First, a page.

In 2011, members of the Florida state legislature considered cutting the pay of school board members to $100 per meeting. Florida school board salaries are set by the state according to their county-wide school district population. The average Florida school board member is paid around $30,000 per year, higher than the salaries for members of the state legislature.
The measure to cut school board salaries ultimately failed, but Florida legislators were able to raise their own salaries closer to the state school board member’s average salary.
Florida is one of only ten states where the legislature is considered full time with a salary set at $29,697 per year. Some of the states with full time legislatures have a fairly large population except one. Yes, you guessed it – Wisconsin. And Wisconsin legislators take home pay is one of the largest in the nation at $49,943.
This disparity was not lost on some of Wisconsin’s state legislators when some of their colleagues suggest that the salaries of Milwaukee County supervisors be cut to $15,000 per year. State Rep. Leon Young (D-Milwaukee) suggested that the salaries of state legislators be cut. State Senator Tim Carpenter (D-Milwaukee) said that he would reintroduce legislation to cut the number of legislators in both the Assembly and the Senate.
It will be interesting to watch how enthusiastic fellow Republican legislators will be in supporting State Rep. Joe SanFelippo’s (R-West Allis) proposal to cut county board pay. SanFelippo is a former Milwaukee County supervisor who figured he, and the rest of the board, are overpaid for job they do.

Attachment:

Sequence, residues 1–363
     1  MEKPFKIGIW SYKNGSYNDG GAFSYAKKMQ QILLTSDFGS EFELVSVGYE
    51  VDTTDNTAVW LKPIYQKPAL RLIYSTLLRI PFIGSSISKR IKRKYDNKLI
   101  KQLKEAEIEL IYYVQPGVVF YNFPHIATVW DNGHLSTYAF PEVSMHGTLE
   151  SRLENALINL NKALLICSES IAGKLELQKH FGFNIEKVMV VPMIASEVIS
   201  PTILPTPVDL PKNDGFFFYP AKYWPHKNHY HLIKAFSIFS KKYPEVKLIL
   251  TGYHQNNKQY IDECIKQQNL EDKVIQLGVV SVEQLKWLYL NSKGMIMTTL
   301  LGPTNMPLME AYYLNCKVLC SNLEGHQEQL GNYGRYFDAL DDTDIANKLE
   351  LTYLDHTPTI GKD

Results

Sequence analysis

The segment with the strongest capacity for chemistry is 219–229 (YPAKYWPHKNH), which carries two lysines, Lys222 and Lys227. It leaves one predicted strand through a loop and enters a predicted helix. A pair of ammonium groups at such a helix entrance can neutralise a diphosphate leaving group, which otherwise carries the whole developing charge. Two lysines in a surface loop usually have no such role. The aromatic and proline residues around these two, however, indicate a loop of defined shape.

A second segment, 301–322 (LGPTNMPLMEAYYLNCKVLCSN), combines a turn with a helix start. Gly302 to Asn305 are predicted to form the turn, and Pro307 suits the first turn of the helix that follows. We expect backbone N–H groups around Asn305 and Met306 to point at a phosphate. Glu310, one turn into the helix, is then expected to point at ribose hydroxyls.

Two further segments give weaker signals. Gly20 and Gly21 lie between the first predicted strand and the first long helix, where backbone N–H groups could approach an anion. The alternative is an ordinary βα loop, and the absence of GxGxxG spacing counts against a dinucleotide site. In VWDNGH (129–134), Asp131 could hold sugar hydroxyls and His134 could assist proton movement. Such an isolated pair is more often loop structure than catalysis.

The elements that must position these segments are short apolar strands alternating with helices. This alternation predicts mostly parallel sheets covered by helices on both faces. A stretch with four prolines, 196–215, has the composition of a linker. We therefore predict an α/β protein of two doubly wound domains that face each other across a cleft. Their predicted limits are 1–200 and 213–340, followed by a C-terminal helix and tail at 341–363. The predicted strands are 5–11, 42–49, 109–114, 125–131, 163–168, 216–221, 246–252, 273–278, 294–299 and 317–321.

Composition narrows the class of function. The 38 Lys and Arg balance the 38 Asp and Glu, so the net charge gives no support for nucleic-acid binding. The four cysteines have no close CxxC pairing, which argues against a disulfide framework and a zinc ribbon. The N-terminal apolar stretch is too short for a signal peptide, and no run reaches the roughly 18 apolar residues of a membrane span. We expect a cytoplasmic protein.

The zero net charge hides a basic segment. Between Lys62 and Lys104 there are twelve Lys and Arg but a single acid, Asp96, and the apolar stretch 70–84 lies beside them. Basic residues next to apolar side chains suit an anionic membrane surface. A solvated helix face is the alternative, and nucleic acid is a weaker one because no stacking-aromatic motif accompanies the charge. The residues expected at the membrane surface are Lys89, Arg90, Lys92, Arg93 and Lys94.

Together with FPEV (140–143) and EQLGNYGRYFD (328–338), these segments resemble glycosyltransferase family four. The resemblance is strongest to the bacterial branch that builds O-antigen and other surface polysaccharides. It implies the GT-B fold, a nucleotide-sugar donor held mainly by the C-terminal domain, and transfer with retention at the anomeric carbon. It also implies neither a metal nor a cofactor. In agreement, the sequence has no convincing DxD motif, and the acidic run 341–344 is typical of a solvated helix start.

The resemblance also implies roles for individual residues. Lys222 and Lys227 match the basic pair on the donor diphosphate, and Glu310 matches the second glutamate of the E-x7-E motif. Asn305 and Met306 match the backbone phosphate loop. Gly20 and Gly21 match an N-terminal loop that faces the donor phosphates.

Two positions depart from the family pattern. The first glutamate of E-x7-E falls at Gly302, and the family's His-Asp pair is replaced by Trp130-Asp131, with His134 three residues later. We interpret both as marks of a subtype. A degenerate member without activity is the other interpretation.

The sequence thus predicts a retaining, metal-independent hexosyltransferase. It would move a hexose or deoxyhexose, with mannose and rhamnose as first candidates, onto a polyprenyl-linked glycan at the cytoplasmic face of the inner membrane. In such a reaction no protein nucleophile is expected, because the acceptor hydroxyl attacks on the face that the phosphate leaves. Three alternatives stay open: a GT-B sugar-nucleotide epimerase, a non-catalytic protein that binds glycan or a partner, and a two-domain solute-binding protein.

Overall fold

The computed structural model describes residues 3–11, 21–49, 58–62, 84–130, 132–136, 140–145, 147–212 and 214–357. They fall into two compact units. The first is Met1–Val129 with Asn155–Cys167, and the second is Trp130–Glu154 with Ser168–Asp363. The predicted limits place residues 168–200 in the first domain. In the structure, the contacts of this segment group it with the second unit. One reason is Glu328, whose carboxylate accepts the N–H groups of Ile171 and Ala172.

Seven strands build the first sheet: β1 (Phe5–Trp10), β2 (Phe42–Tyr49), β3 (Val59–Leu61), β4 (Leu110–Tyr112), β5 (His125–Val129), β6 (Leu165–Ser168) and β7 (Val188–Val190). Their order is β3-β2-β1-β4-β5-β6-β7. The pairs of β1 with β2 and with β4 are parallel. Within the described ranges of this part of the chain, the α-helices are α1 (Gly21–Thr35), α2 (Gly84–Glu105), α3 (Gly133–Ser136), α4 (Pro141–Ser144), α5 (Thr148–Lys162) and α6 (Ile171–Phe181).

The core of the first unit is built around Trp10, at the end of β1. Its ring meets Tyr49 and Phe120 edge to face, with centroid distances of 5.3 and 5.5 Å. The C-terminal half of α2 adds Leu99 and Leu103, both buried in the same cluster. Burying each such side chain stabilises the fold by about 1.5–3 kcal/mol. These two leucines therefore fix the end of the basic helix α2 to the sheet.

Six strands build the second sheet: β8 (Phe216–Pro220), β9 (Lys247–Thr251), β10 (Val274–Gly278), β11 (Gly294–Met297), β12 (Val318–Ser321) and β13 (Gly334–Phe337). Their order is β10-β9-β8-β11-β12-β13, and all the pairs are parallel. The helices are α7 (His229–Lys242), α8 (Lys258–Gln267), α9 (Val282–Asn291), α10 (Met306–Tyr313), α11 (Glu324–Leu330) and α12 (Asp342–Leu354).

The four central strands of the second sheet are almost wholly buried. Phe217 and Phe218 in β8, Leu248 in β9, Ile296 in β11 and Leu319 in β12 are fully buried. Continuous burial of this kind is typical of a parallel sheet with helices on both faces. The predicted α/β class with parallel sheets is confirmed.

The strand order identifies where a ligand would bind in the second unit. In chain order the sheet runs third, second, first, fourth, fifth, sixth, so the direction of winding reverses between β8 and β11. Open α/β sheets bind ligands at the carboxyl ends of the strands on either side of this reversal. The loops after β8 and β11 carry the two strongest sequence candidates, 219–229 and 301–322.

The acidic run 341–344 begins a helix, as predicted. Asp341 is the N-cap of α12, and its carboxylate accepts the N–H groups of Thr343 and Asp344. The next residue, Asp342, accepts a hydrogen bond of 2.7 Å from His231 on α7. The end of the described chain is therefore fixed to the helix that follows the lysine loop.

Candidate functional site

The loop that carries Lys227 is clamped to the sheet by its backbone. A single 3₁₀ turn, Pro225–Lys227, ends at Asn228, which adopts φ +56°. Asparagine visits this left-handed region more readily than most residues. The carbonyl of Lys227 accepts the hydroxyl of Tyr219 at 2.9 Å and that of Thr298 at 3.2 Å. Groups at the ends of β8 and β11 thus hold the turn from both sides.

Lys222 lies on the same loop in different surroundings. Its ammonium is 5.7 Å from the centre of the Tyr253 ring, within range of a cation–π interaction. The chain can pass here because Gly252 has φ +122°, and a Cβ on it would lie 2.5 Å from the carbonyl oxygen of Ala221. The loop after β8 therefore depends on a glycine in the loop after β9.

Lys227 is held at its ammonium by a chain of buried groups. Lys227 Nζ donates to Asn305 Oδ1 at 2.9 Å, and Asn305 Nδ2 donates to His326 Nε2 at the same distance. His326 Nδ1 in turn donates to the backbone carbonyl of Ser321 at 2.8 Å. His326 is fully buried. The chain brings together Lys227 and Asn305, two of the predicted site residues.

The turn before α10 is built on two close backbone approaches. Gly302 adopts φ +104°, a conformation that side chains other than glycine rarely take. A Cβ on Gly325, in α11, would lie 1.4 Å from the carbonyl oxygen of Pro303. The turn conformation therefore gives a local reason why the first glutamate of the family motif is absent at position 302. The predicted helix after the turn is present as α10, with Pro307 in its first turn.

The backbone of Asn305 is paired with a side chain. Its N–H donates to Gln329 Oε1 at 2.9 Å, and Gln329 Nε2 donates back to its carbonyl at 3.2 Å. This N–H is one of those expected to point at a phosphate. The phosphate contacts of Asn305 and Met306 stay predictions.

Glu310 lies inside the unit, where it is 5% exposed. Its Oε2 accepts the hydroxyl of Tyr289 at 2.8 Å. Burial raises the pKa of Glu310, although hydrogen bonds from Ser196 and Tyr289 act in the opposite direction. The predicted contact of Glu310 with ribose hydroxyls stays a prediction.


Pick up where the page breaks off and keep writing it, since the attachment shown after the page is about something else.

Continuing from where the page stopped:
Sen. Carpenter has always been a fiscal hawk, so cutting the number of state legislators is not necessarily payback to attacks on Milwaukee County. But a lot of his fellow Democrats, especially from Milwaukee proper, are pretty sick of the continual attacks on Milwaukee by small town and rural Republicans who just don’t understand the big city. For some reason, so many legislators from outside Milwaukee think the only problem with government is inside Milwaukee. Why not reform government statewide?
Milwaukee County’s board with 18 members is downright undersized when compared with other county board statewide. Neighboring Waukesha County has 25 supervisors. Why Marathon needs 38 county supervisors is beyond me. How do they get anything done?
Wisconsin has more counties, towns, hamlets, school boards, and any other units of governments than most other states. Never mind how much they get paid. Just the sheer number of governmental entities causes inefficiencies and wastes money.
The attacks on Milwaukee don’t just come from Republicans in the state legislature. Two years ago, the state teachers’ union, WEAC, proposed cutting up Milwaukee Public Schools into four districts. The small town leadership of WEAC couldn’t get their heads and hands around the concept of large city government. They don’t understand the city, and they aren’t even going to try. In Florida, every school district is county-wide. School districts of 150,000 children are quite common. Milwaukee with its 80,000 plus children looks undersized by that standard. Why does Wisconsin have elementary school districts with their own school boards and superintendents that feed into unified high school districts also with their own school boards and superintendents?
Why does every hamlet need its own police force? Why does Milwaukee County need a sheriff’s department when all of Milwaukee is incorporated? We could get rid of the sheriff or we could go in the other direction and create a metropolitan police force. Why does each community need its own fire department, sanitation and public works departments?
The problem of Wisconsin governance just isn’t in Milwaukee.